Gaiman’s comments on this compact parable introduced me to the “Möbius story” label for cyclical stories. This is the first of two or three summarized here.

The Facts in the Case of the Departure of Miss Finch

Evening on the town:
at the circus, underground,
kingdoms, lost, are found.

While they were in the fifth room, the prim biologist said she wished the Smilodon was not extinct. In the eighth room, the Cabinet of Wishes Fulfill’d, she was chosen as a volunteer.

Apparently this story was partly inspired by a Frazetta painting. Awesome.

Feeders and Eaters

We all have our needs –
a hunger for friends, or meat;
and some of us feed.

Ever run in to someone you used to know, and wonder what happened to them? Ever wish they hadn’t told you?

Pages from a Journal Found in a Greyhound Bus Somewhere Between Tulsa, Oklahoma, and Louisville, Kentucky

Dreams of roads and rain
in America’s motels,
searching for yourself.

There’s no better place to work out what you’re after than a booth at an all-night diner. If that doesn’t lead anywhere, you might really be lost – or at least there’s a long road ahead. Refill?


Barbecue Sunbird –
a summer delicacy!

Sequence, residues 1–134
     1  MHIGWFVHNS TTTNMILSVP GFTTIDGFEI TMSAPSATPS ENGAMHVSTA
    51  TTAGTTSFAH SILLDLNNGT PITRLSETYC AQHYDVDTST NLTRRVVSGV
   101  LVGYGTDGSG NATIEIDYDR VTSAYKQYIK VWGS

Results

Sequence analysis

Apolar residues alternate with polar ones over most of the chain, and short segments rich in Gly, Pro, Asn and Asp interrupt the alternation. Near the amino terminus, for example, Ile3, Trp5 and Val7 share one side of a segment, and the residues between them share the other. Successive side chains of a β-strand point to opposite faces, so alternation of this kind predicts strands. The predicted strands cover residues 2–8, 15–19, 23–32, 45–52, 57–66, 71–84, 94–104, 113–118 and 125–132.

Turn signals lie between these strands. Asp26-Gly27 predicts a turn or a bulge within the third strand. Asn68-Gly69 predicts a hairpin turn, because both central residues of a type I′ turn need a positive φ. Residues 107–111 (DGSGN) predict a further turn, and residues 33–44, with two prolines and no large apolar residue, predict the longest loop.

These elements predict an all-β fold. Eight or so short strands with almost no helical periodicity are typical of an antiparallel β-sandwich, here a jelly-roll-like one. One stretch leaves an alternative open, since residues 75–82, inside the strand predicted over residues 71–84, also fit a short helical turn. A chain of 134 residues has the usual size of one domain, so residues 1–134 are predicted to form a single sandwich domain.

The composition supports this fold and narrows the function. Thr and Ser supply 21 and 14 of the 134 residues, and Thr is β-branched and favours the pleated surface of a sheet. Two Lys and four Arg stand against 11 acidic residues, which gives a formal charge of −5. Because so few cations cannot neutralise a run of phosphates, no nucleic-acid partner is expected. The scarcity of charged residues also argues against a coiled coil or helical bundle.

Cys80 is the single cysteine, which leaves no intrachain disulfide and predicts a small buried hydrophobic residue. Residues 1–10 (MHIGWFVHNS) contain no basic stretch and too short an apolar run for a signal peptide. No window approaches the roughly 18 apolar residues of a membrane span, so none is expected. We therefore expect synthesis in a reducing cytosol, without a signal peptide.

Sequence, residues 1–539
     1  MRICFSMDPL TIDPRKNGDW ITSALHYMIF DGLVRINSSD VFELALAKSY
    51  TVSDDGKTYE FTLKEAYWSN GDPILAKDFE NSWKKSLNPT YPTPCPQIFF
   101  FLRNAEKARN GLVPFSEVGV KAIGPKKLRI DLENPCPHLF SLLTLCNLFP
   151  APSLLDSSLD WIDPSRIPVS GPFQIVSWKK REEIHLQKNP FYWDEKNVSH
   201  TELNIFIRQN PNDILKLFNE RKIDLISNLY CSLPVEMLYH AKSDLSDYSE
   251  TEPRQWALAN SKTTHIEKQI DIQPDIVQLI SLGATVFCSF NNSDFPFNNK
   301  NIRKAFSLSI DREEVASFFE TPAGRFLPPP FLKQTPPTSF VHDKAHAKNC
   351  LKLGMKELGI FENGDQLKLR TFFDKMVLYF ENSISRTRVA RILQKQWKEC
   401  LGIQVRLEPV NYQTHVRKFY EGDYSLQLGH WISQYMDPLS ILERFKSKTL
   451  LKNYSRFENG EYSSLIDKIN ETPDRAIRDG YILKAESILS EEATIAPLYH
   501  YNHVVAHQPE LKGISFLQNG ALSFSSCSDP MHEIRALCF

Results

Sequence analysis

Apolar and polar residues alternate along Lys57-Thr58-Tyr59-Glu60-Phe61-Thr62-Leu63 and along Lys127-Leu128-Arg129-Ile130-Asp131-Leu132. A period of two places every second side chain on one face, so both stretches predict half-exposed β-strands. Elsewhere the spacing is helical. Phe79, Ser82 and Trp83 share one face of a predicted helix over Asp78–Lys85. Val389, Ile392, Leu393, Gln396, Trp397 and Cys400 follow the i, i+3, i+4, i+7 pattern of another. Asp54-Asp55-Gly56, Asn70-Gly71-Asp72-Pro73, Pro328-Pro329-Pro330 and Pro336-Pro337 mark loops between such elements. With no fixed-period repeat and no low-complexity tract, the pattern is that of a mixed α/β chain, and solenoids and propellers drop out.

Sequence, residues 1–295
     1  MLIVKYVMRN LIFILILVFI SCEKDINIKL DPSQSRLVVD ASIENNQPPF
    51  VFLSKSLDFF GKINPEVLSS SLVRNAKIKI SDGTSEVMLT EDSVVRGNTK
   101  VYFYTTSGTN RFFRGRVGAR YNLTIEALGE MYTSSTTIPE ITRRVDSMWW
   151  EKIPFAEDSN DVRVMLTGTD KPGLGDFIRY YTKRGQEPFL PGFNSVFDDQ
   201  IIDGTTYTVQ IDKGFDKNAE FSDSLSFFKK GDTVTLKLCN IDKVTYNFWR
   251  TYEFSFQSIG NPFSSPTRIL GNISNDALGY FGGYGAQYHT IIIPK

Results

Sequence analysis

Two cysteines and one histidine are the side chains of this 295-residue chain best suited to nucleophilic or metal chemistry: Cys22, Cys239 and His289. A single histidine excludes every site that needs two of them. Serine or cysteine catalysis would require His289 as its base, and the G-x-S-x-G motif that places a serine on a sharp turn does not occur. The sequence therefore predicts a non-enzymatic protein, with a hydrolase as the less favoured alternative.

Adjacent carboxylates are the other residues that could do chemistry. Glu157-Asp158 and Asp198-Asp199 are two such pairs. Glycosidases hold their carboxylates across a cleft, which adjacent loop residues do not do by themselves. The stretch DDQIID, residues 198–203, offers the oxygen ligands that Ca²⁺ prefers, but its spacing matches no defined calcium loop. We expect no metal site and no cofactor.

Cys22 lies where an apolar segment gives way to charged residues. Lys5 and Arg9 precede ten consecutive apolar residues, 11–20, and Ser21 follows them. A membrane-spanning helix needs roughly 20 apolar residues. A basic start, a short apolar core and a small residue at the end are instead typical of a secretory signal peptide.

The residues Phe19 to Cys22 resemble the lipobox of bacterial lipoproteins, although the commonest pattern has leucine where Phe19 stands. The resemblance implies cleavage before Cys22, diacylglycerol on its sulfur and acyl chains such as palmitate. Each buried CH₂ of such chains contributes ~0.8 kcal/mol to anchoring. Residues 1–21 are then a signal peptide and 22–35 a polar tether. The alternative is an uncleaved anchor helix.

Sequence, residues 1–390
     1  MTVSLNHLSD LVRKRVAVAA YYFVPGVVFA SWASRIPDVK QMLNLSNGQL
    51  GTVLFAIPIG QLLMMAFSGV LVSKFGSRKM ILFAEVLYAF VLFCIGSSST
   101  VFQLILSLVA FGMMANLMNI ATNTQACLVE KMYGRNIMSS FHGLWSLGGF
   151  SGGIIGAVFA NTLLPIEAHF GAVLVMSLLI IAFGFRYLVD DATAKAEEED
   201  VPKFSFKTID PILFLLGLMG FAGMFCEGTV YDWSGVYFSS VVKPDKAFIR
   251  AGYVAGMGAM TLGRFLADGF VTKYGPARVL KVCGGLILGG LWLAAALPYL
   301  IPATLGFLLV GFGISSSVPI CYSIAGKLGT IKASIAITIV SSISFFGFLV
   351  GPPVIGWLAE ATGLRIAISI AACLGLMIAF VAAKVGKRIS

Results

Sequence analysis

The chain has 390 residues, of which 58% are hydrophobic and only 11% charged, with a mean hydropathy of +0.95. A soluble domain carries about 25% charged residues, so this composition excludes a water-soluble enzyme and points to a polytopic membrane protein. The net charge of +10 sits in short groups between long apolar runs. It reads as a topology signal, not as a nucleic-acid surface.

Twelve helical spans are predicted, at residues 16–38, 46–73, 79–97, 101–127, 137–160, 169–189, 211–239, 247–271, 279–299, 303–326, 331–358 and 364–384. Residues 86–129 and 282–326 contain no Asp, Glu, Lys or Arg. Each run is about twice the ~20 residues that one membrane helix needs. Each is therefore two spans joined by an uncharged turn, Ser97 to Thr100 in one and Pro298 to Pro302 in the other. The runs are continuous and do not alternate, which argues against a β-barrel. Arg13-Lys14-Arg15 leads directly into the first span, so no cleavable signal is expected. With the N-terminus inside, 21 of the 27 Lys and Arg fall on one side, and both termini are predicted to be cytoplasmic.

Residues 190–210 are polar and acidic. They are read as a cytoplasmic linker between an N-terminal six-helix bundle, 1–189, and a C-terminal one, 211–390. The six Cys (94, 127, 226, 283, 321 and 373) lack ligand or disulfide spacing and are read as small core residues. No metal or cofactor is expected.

Ashes, hatch, repeat.

I want to hang out with Zebediah T. Crawcrustle.

The Monarch of the Glen

Each year, here we meet
to drink and feast but most to
make you monsters weep.

This story features characters from American Gods, and is set in the world of that novel. It’s a spin on the legend of Beowulf and Grendel, inflected by the American Gods idea that mythical figures exist but subsist only on the strength of human belief. The central question of Monarch of the Glen is simply this: what makes a monster?

Posted on Tuesday, June 15th, 2010.

My Interpretation of the Litany Against Fear

Dune is a work of fiction, but it presents philosophies I accept as powerful kernels of real-world wisdom. Here is the Bene Gesserit Litany Against Fear, introduced in Herbert’s 1965 classic:

I must not fear.
Fear is the mind-killer.
Fear is the little-death that brings total obliteration.
I will face my fear.
I will permit it to pass over me and through me.
And when it has gone past I will turn the inner eye to see its path.
Where the fear has gone there will be nothing.
Only I will remain.

Confrontation and acknowledgement transforms fear into an understanding of risk. To face fear – or to embrace joy, for that matter – is not to be deluded by denial or delight, but to be human: to recognize emotion as an indicator of important experience.

As a cognitive tool, the Litany guides us to observe and identify sources of uncertainty. Observation changes challenges by changing how we see them; the paralyzing fog is dispelled by our gaze to reveal specific obstacles that can be attended to in turn.

I think this is especially useful as an approach to the anxiety that can sometimes inhibit opportunity or ambition. What will you tackle next?

Posted on Friday, April 9th, 2010.